Other considerations for eligibility

As well as meeting one of the criteria above, patients must satisfy certain other conditions before they will be considered for tooth implants on the NHS. They must:

  • Be registered with a general dentist to receive regular checkups and ongoing care
  • Have no untreated tooth decay, gum disease or failing restorations
  • Comply with the care needed to maintain good oral hygiene
  • Be a non-smoker

Smoking and tobacco use are known to increase the chances of complications and failure in tooth implants. If you have not smoked in over three months, you are more likely to be accepted as an implant candidate. But if you're found to be smoking during your implant treatment, it may be suspended until you quit again.

Your age may also influence whether you are accepted, and on what level of priority you are. Generally, implants won't be placed before the age of 18 because the face is still developing. There is no upper age limit for dental implants on the NHS, but your ability – both mental and physical – to care for your teeth in the future will be taken into consideration.

nhs smoking rule tooth implants
You may still be considered for NHS tooth implants if you haven't smoked in 3+ months

There are several reasons why patients can be denied eligibility. It may be because of a greater risk of complications or an inability to comply with oral care requirements.

Some of these reasons include:

  • Poorly controlled diabetes
  • Active bisphosphonate treatment
  • Mental health issues
  • Blood, bone and immunodeficiency disorders
  • Poor dental health
  • Bruxism (teeth grinding)

Do you have questions about your eligibility for implants? Visit JustAnswer to chat online with a qualified dentist and find out all the information you need – without having to take time out for a dental appointment. Their dentists are based in the US but are available 24/7 to help you out.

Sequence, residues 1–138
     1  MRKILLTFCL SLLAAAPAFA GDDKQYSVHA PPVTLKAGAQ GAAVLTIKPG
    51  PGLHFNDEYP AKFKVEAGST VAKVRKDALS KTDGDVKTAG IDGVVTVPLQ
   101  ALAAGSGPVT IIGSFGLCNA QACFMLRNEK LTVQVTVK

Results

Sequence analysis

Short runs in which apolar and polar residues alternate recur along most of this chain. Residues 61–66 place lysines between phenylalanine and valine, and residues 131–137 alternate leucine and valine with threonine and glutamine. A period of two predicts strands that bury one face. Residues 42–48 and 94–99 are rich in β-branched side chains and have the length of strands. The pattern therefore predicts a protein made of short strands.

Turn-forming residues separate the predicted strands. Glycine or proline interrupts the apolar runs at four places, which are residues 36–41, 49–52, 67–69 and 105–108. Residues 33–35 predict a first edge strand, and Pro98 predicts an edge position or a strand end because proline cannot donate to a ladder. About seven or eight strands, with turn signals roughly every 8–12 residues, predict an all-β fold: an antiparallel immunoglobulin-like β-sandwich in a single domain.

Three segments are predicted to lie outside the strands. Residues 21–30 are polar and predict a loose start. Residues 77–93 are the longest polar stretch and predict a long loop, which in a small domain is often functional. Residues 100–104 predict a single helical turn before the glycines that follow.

Can you get All-on-4 dental implants on the NHS?

The All-on-4 system uses just four implants to secure a full set of false teeth. This is a popular solution for people wanting to save money on full-mouth implants, but it is rarely offered on the NHS.

In the case of missing all your teeth in one or both jaws, you are more likely to receive denture implants on the NHS that secure an overdenture with only two implants. Your gums still bear some pressure when you bite down on the implants, but they keep the dentures in place securely.

Tooth implants cost on the NHS

NHS tooth implants are charged according to standard NHS dental fees. For some people, this means NHS dental implants are free. Others will have to pay fees of:

  • £282.80 in England (the Band 3 treatment fee)
  • £203 in Wales (the Band 3 treatment fee)
  • £384 in Scotland and Northern Ireland (the maximum charge)

The good news is that fees apply per treatment course. Whether you need a single tooth implant or a full mouth, you'll pay the same.

Note that once your treatment is complete, you will be responsible for the cost of regular checkups and any follow-up treatment you may need. If you later need a replacement crown or one of your implants fails, there is no guarantee that the NHS will fund a replacement.

How to apply for tooth implants on the NHS

dental implant consultation NHS
It is best to first do an initial assessment visit with your usual NHS dentist

It's best to visit your usual NHS dentist for an initial assessment, after which they will refer you for a further assessment by the local facility providing the implants provided that you meet the criteria.

Some dental hospitals allow you to apply directly. However, since there is no centralised process for applying for NHS tooth implants, it's best to go via your dentist.

You can expect to wait several months between your initial referral and your next assessment. The waiting list for accepted candidates can take over a year. If you don't want to wait this long to replace your missing teeth, you'll need to consider private treatment.

It's worth noting that each local NHS Foundation Trust has its own guidelines for referrals. Although the criteria mentioned above are national guidelines, the exact requirements and exclusions in each area can vary. Each local area is subject to its own funding restrictions, too.

Other ways to fund your teeth implants

It will be necessary to look for ways to fund your own tooth implants if you're not eligible for them on the NHS.

Because of the high cost of implants in the UK – £2,300 each or more on average – a popular option is to look at travelling abroad for dental work. Countries like Turkey, Hungary and Spain have developed an excellent reputation for high-quality dental treatment at 50-70% less than you'd pay in the UK. Even factoring in the cost of flights and accommodation, it can mean a big saving; especially if you need costly treatment like All-on-4.